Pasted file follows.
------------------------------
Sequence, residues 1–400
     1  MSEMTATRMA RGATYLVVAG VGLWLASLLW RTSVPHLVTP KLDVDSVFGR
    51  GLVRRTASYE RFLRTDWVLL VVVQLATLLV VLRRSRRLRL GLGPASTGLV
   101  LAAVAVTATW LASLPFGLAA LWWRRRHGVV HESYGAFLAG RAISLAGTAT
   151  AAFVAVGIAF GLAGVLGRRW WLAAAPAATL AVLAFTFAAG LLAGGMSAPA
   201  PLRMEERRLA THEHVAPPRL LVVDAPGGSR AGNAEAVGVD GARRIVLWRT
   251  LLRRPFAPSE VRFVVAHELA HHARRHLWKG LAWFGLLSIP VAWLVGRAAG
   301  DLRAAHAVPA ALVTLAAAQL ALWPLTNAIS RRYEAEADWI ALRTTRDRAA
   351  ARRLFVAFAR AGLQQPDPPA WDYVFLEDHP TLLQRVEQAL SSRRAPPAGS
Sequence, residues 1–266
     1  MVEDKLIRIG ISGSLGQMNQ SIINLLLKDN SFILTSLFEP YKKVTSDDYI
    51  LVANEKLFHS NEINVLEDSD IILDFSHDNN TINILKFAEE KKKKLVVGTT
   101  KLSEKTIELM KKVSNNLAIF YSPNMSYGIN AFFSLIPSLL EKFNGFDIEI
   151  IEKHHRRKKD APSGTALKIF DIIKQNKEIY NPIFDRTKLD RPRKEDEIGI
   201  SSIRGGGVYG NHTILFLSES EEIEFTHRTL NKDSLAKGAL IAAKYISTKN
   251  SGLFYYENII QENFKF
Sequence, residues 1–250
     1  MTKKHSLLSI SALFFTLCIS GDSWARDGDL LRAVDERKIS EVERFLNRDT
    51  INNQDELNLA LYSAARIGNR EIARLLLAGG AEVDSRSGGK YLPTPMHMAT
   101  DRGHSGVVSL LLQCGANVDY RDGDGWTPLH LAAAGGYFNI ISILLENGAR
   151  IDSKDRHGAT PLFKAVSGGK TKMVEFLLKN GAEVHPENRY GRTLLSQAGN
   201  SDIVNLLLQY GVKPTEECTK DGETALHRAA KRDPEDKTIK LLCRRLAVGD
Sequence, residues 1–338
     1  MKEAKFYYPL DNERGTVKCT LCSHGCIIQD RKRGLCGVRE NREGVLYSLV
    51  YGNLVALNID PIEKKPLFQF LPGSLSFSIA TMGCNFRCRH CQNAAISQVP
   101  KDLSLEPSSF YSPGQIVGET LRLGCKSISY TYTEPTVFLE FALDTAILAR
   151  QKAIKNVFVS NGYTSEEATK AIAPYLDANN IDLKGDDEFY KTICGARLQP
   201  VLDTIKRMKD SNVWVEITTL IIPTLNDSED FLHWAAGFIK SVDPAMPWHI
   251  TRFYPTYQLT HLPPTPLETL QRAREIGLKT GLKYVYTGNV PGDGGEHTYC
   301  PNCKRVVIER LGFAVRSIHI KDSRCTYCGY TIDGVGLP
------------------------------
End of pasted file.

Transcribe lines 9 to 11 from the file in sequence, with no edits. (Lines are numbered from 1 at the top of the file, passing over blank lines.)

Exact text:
   351  ARRLFVAFAR AGLQQPDPPA WDYVFLEDHP TLLQRVEQAL SSRRAPPAGS
Sequence, residues 1–266
     1  MVEDKLIRIG ISGSLGQMNQ SIINLLLKDN SFILTSLFEP YKKVTSDDYI